Monday, August 02, 2004

Obstacles to democracy

The following are excerpts from the best selling book, The End of History and the Last Man, by Francis Fukuyama.

Page 212

The founding of a liberal democracy is meant to be a supremely rational political act, in which the community as a whole deliberates on the nature of the constitution and set of basic laws that will govern its public life. But one is frequently struck by the weakness of both reason and politics to achieve their ends, and for human beings to "lose control" of their lives, not just on a personal but on a political level. For example, many countries in Latin America were established as liberal democracies shortly after winning independence from Spain or Portugal in the nineteenth century, with constitutions modeled on those of the United States or Republican France. And yet, not one of them has succeeded in maintaining an unbroken democratic tradition up to the present. Opposition to liberal democracy in Latin America on a theoretical level has never been strong, except for brief challenges from fascism and communism, and yet liberal democrats have faced an uphill battle winning and keeping power.

Page 216

The second cultural obstacle to democracy has to do with religion. Like nationalism, there is no inherent conflict between religion and liberal democracy, except at the point where religion ceases to be tolerant or egalitarian. We have already noted how Hegel believed that Christianity paved the way for the French Revolution by establishing the principle of the equality of all men on the basis of their capacity for moral choice. A great majority of today’s democracies have Christian religious heritages, and Samuel Huntington has pointed out that most of the new democracies since 1970 have been Catholic countries. [Samuel Huntington suggests that the large number of Catholic countries participating in the current "third wave" of democratization makes the latter in some sense a Catholic phenomenon, related to the change in Catholic consciousness in a more democratic and egalitarian direction in the 1960s. While there is clearly something to this line of argument, it would seem to beg the question of why Catholic consciousness changed when it did. Certainly, there is nothing inherent in Catholic doctrine that should predispose it toward democratic politics. The prior causes of change in Catholic consciousness would seem to be (1) the general legitimacy of democratic ideas that infected Catholic thought (2) rising levels of socio-economic development that had taken place in most Catholic countries by the 1960s; and (3) the long-term "secularization" of the Catholic Church, following in the steps of Martin Luther 400 years later.] In some ways, then, religion would appear to be not an obstacle but a spur to democracy.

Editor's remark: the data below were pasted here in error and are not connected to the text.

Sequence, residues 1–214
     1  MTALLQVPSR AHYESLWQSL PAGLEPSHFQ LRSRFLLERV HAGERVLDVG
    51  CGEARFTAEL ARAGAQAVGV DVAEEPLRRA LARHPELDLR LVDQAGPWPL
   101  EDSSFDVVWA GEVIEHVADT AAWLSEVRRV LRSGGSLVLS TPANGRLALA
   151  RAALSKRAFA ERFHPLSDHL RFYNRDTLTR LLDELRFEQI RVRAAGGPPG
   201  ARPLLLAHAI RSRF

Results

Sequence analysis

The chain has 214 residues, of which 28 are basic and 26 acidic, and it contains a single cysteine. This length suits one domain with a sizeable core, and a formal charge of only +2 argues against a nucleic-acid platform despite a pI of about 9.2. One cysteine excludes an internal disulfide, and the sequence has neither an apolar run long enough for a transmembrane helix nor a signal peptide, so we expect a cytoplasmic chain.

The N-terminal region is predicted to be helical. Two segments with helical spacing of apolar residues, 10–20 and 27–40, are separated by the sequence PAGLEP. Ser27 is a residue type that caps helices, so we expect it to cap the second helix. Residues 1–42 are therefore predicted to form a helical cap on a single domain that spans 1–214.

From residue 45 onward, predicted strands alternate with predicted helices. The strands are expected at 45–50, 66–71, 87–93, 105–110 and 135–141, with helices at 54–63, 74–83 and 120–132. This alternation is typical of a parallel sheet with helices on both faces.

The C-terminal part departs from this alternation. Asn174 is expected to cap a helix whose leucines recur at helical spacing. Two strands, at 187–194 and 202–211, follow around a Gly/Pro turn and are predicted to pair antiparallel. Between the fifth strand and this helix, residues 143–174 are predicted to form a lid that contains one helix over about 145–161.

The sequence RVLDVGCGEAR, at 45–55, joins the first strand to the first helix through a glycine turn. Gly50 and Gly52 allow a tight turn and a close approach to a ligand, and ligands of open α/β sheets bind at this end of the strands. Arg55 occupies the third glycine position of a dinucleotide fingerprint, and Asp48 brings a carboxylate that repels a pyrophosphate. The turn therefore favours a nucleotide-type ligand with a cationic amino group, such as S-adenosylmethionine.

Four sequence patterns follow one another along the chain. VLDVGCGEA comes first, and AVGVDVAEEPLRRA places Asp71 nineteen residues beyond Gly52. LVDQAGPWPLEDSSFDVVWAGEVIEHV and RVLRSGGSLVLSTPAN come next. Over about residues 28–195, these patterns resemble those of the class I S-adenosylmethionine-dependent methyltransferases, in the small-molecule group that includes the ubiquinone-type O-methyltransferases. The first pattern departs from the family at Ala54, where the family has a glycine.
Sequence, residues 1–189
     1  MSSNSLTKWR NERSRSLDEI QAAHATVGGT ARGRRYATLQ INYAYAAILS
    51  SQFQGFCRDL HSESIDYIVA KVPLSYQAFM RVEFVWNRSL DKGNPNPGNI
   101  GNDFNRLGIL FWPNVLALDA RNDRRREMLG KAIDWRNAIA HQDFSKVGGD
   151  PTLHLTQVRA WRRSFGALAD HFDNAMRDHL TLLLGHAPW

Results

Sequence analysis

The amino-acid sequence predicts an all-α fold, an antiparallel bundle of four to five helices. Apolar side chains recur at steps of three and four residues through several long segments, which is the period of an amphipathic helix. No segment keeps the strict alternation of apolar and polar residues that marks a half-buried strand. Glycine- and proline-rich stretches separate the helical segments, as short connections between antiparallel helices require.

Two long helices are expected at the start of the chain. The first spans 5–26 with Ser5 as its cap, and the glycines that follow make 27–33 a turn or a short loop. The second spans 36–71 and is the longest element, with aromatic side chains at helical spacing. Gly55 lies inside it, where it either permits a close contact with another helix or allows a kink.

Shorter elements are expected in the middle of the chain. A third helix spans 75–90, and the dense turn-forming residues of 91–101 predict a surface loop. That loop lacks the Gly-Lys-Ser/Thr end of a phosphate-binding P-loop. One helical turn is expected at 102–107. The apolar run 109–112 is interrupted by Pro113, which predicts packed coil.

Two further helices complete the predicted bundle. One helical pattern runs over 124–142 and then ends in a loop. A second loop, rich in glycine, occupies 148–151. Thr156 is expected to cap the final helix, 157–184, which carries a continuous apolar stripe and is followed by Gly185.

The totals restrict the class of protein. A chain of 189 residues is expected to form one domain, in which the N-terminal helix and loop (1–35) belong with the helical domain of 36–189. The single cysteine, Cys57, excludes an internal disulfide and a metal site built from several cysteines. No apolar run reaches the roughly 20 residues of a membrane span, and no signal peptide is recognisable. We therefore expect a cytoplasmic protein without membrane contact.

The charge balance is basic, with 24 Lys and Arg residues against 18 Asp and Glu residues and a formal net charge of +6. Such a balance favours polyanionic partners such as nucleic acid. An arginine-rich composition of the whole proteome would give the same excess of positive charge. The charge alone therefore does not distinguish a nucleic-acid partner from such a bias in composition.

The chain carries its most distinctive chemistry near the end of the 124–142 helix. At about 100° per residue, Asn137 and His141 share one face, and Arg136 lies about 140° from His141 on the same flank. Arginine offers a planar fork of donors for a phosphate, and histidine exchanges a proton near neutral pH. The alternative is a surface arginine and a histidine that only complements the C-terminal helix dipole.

But religion per se did not create free societies; Christianity in a certain sense had to abolish itself through a secularization of its goals before liberalism could emerge. The generally accepted agent for this secularization in the West was Protestantism. By making religion a private matter between the Christian and his God, Protestantism eliminated the need for a separate class of priests, and religious intervention into politics more generally. Other religions around the world have lent themselves to a similar process of secularization: Buddhism and Shinto, for example, have confined themselves to a domain of private worship centering around the family. The legacy of Hinduism and Confucianism is mixed: while they are both relatively permissive doctrines that have proven to be compatible with a wide range of secular activities, the substance of their teachings is hierarchical and inegalitarian. Orthodox Judaism and fundamentalist Islam, by contrast, are totalistic religions which seek to regulate every aspect of human life, both public and private, including the realm of politics. These religions may be compatible with democracy ---- Islam, in particular, establishes no less than Christianity the principle of universal human equality ---- but they are very hard to reconcile with liberalism and the recognition of universal rights, particularly freedom of conscience or religion. It is perhaps not surprising that the only liberal democracy in the contemporary Muslim world is Turkey, which was the only country to have stuck with an explicit rejection of its Islamic heritage in favor of a secular society early in the twentieth century.